//A night in the glacial valley of Phobjikha ,Bhutan

A night in the glacial valley of Phobjikha ,Bhutan

The Phobjikha Valley is a vast U-shaped glacial valley with a central stream meandering through the open grassland and thickets of dwarf bamboo. Phobjikha  also known as Gangteng Valley named after the impressive Gangteng Monastery of the Nyingma sect in central Bhutan, where the graceful black-necked cranes in Bhutan from the Tibetan Plateau visit the valley during the winter season to roost. Gangtey or Phobjikha at an average altitude of 3,000m is a wide and beautiful valley.

It was our second decided destination to visit in our trip. We reached Thimpu on the night of 9th and were off to Phobjikha for 11th as every year on the 11th of November, the annual black necked crane festival is celebrated when endangered black-necked cranes that migrate from Central Asia in the winter come to Phobjikha valley. The booking for this place was really hard online. So found a home-stay booking with the help of a friend.

We hired a cab for the Thimpu sight visit. The person was really kind and helpful so, we shared our route plans with him and asked for hiring his cab for 3 days and he agreed. As per the plan, we were off to Phobjikha at 6:30 in the morning. The roads were really winding which made me feel uneasy so I asked the driver to stop for some time. As we got out of the car, I wanted to ask the driver more about the trip. He always wore shades; while I was talking to him, the sun rays fell straight into his shades and I felt something strange about his left eye. I came to know that he lost one of his eyes in an accident. Till this moment his driving was really smooth but i felt a bit scared about the rest of our journey and discussed it with my travel partner.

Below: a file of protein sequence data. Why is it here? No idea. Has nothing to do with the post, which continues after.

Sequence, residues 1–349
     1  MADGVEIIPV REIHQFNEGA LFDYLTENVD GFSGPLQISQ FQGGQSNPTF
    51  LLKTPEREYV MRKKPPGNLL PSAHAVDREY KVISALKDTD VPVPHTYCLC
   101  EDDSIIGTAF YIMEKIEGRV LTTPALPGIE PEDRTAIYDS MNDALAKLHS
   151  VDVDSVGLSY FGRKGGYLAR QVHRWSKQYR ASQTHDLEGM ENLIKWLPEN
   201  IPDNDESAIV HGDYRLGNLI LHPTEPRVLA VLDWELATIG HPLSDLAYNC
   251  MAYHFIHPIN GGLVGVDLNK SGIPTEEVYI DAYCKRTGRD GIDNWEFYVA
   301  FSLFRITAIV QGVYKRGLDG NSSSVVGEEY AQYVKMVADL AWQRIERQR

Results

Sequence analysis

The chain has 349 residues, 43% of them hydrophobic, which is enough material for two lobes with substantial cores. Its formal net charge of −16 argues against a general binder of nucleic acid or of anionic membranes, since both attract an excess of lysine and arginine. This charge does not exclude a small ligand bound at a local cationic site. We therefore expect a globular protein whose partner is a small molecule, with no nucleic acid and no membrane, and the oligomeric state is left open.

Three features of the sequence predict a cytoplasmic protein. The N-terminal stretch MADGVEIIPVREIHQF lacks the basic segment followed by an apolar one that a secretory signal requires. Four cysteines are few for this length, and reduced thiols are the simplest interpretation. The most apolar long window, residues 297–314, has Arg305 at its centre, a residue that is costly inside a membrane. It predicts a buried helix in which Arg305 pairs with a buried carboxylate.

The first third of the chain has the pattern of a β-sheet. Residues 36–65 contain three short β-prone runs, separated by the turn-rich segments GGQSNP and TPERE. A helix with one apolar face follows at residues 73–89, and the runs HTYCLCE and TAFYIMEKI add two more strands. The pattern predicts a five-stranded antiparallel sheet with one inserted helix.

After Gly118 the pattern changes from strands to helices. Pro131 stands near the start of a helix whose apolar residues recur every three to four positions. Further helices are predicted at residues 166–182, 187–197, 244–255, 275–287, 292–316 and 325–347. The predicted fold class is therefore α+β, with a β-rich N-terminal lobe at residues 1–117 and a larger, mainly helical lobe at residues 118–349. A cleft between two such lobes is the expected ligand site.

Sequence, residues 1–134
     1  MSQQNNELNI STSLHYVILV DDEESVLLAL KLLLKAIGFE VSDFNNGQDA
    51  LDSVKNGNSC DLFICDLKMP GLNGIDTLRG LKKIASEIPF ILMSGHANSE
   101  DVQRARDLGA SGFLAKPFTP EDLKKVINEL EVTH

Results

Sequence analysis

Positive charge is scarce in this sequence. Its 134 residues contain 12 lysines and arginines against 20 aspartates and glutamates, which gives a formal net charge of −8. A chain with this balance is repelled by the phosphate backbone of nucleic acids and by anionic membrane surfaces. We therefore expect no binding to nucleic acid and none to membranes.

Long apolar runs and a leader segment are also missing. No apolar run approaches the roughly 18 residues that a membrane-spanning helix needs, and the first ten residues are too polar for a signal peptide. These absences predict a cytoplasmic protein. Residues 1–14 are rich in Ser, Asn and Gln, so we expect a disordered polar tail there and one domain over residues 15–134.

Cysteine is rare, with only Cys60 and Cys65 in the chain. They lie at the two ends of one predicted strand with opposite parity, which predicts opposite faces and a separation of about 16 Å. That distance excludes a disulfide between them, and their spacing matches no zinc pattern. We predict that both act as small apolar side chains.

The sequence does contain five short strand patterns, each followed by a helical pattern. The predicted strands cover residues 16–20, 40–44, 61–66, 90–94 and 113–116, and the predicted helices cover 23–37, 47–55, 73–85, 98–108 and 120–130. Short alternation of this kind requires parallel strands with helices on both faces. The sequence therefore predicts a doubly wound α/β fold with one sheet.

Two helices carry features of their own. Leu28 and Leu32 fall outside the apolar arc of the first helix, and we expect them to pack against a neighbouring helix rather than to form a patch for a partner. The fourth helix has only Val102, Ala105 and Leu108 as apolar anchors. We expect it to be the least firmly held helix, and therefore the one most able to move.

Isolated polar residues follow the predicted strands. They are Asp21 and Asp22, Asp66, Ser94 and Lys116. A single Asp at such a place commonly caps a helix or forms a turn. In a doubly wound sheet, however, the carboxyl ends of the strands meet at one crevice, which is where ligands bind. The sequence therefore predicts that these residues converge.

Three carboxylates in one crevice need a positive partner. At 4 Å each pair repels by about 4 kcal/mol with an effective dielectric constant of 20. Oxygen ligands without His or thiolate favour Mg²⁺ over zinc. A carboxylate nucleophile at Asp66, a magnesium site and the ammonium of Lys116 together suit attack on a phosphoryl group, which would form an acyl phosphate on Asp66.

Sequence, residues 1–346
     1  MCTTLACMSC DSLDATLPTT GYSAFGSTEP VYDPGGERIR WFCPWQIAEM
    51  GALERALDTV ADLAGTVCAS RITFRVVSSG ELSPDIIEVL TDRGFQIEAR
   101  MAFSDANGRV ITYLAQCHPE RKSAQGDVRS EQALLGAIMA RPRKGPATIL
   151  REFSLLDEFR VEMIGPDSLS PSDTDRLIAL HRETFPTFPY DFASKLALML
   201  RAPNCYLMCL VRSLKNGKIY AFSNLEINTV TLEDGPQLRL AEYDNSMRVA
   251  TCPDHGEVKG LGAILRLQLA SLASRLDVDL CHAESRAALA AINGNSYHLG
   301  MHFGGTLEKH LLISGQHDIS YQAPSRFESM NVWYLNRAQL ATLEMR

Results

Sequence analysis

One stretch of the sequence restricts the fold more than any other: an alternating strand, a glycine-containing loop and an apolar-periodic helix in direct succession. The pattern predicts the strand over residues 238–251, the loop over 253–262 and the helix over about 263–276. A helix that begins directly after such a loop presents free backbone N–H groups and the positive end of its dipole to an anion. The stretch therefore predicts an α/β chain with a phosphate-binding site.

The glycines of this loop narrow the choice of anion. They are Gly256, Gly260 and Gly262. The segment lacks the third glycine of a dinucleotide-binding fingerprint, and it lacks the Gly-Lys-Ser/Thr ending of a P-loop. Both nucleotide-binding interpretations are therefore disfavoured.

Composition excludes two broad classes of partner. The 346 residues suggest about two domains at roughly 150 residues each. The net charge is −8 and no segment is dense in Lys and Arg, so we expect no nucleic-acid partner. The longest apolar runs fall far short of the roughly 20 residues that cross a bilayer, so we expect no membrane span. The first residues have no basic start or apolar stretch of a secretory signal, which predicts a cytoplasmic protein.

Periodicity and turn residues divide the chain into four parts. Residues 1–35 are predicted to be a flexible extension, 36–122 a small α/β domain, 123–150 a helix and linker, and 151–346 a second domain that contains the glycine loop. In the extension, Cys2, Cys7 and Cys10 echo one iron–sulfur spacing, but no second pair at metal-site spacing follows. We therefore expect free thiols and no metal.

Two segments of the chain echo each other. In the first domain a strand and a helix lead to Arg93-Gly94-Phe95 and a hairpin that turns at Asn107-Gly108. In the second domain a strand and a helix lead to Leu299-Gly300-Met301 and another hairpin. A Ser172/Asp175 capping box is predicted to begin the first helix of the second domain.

In sometime we reached Dochula pass which is located on our way. The pass is a popular location among tourists as it offers a stunning 360 degree panoramic view of Himalayan mountain range. The view is especially scenic on clear, winter days with snowcapped mountains forming a majestic backdrop to the tranquility of the 108 chortens gracing the mountain pass. The weather was really cold and as we got out of the cab, we started shivering. But as we saw the breath-taking 360 view, we forgot all about the weather and cold. Sadly, we couldn’t stay for long as we had to reach our destination on time.

Click on images for full view

Soon the road became bumpy, narrow and bouncy. Also the road was broken because of ongoing road widening work. The road’s condition was same from continuous 3hrs. On one side there was a broken road, the other side had a steep fall and on top of that driving with one eye. It seemed it was the last day of our life. But jokes apart, he was really a skilled driver inspite of his disability. He drove really nicely in such a road which most drivers aren’t able to do. 

Finally, we reached Phobjikha valley which had a stunning and spectacular view. Click on the image for full view. 

Till 12:30 in the afternoon, we reached the courtyard of Gangten Gonpa Monastery where the festival was held. There were many roadside stalls on the way to the Monastery. There were also stalls for games like archery which is their national sport.